Chocolate Description: Ghana Truffle
HopHeadSaid: If you shy away from ginger (as I do) there is no need to shy away from this truffle. A hint of ginger's sweet spiciness rounds off the edges and balances the ganache with the 85% cocoa, dark chocolate.
Beer Style and Description: Kwak
Yep that is how a "proper" Kwak is served! An elegant bulbed glass that can only be used if it is in its stand. Brewery lore explains that the Owner of the brewery was an avid equestrian (and beer drinker evidentially) and he wanted a beer glass that could balance on his saddle without falling over. While they couldn't figure that out, they managed to design a "glass" that would stand upright in in a stirrup.
Almost every Belgian beer has a glass that was designed specifically to showcase one or more its special qualities. The makers of this glass had a lot of fun as you can see, but they also designed a glass that would showcase the brilliant clarity and color of this beer.
Aroma: A hint of caramel is all but covered up by a layer of spicy phenols and fruity esters.
Appearance: Beautiful orangey copper and clarity (if poured correctly) with a giant rocky head that seems to last forever and leaves beautiful lacing on the inside of the glass.
Flavor: The flavors are as they smelled. A hint of caramel-like sweetness upfront is quickly replaced by a spicy phenol.
Mouthfeel: This is a medium bodied beer with elevated carbonation and a pleasant warming alcohol.
Food Pairings: Vegetables: pepper seasoned, roasted or sautéed; caramelized veggies. Meat: game, grilled. Desserts: cinnamon or ginger spiced.
HopHeadSaid: Belgian ales are some of the most exciting and challenging beers to pair with food. The term “Belgian” is a loose style descriptor for beers that get a majority of their flavors from fermentation instead of malt or hops. There are hundreds if not thousands of different Belgian beers each with a unique spicy phenol derived from fermentation. This makes them challenging to pair because one particular “Belgian Pale Ale” can taste quite different from another so you will have to taste each to fully appreciate its flavor profile. However, this variety is exactly what makes them so special because you are sure to find a Belgian ale to match any food pairing, especially veggies.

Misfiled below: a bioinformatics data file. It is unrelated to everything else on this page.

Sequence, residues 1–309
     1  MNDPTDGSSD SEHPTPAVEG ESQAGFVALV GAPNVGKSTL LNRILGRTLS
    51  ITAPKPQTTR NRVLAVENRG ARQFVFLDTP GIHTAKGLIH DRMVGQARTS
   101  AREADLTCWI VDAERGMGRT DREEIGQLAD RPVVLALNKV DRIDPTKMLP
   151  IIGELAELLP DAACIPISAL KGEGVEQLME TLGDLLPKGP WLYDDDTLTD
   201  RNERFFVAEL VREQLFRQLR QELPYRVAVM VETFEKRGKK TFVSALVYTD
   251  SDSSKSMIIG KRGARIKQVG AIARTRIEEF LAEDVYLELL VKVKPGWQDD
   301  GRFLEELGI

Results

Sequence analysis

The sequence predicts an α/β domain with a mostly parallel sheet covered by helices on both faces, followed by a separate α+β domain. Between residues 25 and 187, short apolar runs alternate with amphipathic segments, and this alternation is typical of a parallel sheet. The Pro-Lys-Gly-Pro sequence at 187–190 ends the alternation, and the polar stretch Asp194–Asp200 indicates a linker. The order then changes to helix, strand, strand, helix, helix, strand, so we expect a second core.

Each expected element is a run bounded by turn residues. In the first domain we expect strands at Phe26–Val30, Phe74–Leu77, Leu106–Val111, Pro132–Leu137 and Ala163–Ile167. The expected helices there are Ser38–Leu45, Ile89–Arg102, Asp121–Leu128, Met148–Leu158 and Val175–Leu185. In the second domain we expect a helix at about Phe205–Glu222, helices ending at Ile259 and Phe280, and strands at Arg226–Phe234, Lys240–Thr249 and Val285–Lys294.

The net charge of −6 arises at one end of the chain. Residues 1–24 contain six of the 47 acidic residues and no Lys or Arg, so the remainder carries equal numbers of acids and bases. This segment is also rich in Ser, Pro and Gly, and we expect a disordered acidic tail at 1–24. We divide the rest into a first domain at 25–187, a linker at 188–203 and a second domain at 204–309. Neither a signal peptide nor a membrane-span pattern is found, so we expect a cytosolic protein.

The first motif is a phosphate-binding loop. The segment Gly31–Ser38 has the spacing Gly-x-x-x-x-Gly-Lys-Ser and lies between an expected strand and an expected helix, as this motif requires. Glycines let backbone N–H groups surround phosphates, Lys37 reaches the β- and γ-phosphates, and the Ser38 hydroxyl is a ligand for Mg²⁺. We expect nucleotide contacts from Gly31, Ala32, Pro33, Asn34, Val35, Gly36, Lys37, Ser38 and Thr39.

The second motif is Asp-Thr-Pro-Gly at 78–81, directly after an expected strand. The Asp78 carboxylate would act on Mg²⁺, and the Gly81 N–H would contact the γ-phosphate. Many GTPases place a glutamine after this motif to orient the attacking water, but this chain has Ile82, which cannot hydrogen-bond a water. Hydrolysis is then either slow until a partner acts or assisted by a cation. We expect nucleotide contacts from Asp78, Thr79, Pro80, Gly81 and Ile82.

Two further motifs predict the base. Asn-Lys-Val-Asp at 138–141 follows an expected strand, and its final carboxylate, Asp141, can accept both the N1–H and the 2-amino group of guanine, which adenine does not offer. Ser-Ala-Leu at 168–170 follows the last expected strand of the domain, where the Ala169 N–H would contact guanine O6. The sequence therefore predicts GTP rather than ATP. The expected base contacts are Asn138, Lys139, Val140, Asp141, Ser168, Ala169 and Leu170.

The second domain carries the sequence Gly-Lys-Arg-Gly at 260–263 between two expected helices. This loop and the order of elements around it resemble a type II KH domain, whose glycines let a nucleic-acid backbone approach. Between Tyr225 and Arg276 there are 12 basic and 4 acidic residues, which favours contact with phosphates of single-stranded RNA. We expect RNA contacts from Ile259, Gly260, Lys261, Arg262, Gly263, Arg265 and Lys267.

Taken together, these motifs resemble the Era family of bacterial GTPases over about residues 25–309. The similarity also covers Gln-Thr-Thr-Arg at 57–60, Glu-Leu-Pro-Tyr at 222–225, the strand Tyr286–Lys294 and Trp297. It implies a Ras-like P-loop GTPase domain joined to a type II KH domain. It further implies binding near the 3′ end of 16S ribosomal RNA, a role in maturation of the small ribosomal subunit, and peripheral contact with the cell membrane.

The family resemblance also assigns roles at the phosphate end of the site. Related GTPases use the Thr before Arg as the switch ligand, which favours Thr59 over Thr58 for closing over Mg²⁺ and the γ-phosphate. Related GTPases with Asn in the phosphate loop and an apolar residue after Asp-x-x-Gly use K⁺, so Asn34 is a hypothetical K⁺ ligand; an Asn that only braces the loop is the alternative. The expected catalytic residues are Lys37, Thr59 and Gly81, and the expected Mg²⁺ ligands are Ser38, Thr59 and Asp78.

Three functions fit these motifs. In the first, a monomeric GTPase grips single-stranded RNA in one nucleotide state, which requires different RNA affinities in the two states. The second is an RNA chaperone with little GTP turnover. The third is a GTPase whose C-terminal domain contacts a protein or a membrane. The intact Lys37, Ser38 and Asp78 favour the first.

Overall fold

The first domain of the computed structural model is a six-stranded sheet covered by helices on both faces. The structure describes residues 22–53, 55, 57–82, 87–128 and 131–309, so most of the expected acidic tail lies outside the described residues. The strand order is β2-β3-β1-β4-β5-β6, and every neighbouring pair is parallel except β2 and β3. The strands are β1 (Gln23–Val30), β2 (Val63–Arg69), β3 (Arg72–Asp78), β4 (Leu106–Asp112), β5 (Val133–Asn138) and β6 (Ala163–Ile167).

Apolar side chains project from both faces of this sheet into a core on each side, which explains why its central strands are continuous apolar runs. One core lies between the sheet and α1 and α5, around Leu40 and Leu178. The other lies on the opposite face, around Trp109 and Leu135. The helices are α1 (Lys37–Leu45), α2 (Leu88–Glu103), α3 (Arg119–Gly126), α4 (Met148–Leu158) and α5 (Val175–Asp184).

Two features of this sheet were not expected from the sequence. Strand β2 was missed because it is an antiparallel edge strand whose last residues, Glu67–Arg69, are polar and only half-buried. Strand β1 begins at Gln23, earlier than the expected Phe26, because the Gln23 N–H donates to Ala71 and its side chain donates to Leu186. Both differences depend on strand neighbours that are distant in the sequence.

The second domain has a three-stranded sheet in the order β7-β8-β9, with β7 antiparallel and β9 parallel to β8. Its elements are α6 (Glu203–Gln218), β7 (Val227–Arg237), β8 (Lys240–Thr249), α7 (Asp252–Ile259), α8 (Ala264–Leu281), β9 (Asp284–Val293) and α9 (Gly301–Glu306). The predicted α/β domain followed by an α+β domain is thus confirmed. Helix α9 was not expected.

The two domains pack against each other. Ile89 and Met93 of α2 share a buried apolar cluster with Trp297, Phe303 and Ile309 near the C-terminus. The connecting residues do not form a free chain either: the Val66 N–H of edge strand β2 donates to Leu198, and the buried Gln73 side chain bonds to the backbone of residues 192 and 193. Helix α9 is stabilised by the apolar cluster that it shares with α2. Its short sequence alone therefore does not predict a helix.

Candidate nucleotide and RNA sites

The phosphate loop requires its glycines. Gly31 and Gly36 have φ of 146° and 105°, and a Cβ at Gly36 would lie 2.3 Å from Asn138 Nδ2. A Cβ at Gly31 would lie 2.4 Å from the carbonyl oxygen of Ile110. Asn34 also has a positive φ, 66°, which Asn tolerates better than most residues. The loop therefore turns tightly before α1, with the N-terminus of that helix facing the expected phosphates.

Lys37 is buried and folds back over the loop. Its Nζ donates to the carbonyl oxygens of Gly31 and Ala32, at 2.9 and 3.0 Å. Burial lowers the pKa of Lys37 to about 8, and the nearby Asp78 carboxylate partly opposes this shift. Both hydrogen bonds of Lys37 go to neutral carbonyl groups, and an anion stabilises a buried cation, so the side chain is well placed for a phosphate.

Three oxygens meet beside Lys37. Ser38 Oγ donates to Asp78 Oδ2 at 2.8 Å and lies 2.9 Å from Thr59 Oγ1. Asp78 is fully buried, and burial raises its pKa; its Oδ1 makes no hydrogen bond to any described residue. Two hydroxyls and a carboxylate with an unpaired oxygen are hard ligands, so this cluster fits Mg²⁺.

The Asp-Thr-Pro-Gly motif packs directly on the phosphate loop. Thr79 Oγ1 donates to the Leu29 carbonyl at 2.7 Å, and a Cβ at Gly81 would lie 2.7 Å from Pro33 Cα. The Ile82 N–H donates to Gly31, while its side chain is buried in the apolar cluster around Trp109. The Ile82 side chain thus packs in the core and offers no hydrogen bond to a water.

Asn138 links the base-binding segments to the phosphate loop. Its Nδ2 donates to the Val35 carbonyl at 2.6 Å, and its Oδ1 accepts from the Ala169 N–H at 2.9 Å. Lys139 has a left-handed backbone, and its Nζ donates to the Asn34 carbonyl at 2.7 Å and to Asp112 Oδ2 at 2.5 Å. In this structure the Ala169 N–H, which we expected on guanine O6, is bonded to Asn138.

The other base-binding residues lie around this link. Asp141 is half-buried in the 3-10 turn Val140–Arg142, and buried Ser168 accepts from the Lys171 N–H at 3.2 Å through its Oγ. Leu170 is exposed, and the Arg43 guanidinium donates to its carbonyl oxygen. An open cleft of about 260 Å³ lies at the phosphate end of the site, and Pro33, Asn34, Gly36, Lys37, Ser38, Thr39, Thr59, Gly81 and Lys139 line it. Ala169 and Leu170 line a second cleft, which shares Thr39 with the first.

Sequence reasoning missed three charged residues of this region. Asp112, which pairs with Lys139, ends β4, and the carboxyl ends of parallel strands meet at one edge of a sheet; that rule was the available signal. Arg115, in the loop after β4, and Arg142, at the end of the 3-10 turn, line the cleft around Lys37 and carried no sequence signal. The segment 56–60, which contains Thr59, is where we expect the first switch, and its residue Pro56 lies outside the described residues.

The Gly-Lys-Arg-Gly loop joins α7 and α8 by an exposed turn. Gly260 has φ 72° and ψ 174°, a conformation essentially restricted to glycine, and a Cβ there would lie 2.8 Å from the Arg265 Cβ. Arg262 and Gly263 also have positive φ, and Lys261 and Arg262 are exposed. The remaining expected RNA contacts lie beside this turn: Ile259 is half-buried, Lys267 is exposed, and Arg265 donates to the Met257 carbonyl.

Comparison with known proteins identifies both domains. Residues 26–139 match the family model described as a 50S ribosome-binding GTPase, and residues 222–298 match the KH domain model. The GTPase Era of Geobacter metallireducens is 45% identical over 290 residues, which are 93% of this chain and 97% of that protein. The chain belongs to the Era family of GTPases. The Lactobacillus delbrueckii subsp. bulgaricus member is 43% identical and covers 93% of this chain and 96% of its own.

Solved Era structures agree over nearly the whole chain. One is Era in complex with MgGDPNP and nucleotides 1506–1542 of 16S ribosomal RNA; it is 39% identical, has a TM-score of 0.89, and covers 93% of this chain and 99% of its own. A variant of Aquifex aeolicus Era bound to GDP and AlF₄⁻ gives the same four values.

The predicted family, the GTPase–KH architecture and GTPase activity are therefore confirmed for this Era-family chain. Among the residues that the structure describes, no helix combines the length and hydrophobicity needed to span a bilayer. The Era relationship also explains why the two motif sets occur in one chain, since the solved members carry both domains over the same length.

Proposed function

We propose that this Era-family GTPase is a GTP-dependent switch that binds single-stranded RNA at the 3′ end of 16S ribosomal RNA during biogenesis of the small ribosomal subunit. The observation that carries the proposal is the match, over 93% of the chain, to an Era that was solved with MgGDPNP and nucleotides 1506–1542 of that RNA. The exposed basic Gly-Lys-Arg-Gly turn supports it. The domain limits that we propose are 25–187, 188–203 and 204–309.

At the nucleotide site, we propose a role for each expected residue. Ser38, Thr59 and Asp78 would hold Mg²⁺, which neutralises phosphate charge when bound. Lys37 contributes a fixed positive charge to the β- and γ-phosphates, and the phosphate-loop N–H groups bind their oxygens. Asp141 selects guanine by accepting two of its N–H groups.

BJCP Style 18D. Belgian Golden Strong Ale
Other Examples: Duvel, Delirium Tremens, Don de Dieu, Mischief
Serving Temp: 40°- 45°
Glassware: Snifter, Tulip
Aroma: Lots of fruity esters will be present (think pear) with a good dose of pepper.
Appearance: Yellow to light amber, good clarity and pours with a long lasting, voluminous, rocky head. Pour slowly to ensure you don’t rouse any yeast sediment at the bottom of the bottle, this will cloud up your beer. Pouring slowly down the side of your glass will also keep you from pouring a glass full of foam from these highly carbonated beers.
Flavor: The fruity esters (think pear, again) carryover in the taste and are balanced by a low to moderate pepper-spiciness. The alcohol and yeast phenols help to balance the fruity sweetness. There is very little bitterness in these beers and the hops are used as a “spice” more than for bitterness.
Mouthfeel: The elevated alcohol content a high carbonation helps to lower the body and dry out the finish. There is a pleasant alcohol warmth present in these beers but they should never be hot or harsh.
This pairing works because:
2. The caramel-like sweetness resonates with the sweetness in the ganache.
3. The caramel-like sweetness also counteracts the dark chocolate and ginger spiciness.
4. This beer has a moderate phenolic spiciness (derived from the yeast) that resonates with the subtle ginger spices.
5. The alcohol and carbonation help scrub and refresh the palate.
6. There is a sweet warm alcohol spiciness aftertaste that encourages you to take another bite and sip!
Topics: Food Pairing, Beer Pairing, Chocolate Pairing, Beer and Food, Beer and Chocolate